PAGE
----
Sven Hartge sven at svenhartge.de
Sat Nov 12 23:00:24 CET 2011

Sven Hartge <sven at svenhartge.de> wrote:
> Andreas Rudat <rudat at endstelle.de> wrote:
>> Am 11.11.2011 03:56, schrieb Fajar A. Nugraha:
>>> On Fri, Nov 11, 2011 at 8:29 AM, Gary Gatten <Ggatten at waddell.com> wrote:

>>>> I agree with Jake, in that I *think* it would be possible to have a
>>>> plugin or whatever interface with LDAP/AD in the same manner
>>>> ntlm_auth does.  I don't think one *needs* a cleartext password,
>>>> but does need some way to compare apples-to-apples.
>>> That's exactly what Alan is saying: " store your passwords in the
>>> LDAP as NT-Password or LM-Password "

>> But if that works, why then all are saying that you can just work
>> with plaintext? Its realy confusing.

> NT/LM-Password is "special". This is why it works with MSCHAPv2, both
> being a MicroSoft "invention".

To be precise: MSCHAPv2 works with the NT/LM-Password as input to the
Challenge-Handshake and not the "raw" cleartext password. This is why
this works.

FreeRADIUS converts a cleartext password into the needed NT-Hash and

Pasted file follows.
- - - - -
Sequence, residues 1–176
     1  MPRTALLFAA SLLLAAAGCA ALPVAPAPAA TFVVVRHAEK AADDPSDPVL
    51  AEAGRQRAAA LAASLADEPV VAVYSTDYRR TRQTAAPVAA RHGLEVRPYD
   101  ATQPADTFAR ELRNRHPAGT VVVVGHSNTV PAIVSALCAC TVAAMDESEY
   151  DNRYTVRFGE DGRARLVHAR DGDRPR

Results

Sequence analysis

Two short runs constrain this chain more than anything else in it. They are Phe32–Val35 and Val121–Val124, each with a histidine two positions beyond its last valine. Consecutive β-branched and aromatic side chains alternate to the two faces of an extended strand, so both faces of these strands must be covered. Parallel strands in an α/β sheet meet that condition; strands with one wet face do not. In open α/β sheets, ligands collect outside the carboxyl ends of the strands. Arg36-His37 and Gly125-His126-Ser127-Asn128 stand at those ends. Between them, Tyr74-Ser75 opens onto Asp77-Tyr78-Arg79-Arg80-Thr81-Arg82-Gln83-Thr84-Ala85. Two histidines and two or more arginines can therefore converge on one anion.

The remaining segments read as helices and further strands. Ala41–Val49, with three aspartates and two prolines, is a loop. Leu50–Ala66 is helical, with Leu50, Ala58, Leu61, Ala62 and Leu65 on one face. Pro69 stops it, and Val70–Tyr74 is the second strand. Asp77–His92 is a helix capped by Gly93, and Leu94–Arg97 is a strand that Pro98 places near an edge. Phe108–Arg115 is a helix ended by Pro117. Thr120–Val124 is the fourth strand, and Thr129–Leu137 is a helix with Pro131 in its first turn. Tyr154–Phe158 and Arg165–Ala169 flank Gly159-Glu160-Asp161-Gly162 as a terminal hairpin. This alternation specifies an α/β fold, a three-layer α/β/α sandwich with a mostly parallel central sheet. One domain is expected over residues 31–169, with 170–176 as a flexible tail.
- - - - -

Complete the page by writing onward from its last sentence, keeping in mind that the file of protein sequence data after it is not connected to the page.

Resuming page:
then applies this to the MSCHAPv2 handshake. Or it uses a pre-existing
NT-Hash from LDAP/MySQL/whatever.

Quote from http://en.wikipedia.org/wiki/NTLM
| The NTLM protocol uses one or both of two hashed password values, both
| of which are also stored on the server (or domain controller), and which
| are password equivalent, meaning that if you grab the hash value from
| the server, you can authenticate without knowing the actual password.

This also means you have to protect those Hashes inside your database
like a raw cleartext password, as you can authenticate to any Windows
box with the knowledge of the NT/LM-Hash.

This has been exploitet by several Windows trojan horses, which grabbed
to NT-Hash from the Administrator user to login into other boxes on the
network using the same password (or worse: the domain controller).


Sigmentation fault. Core dumped.

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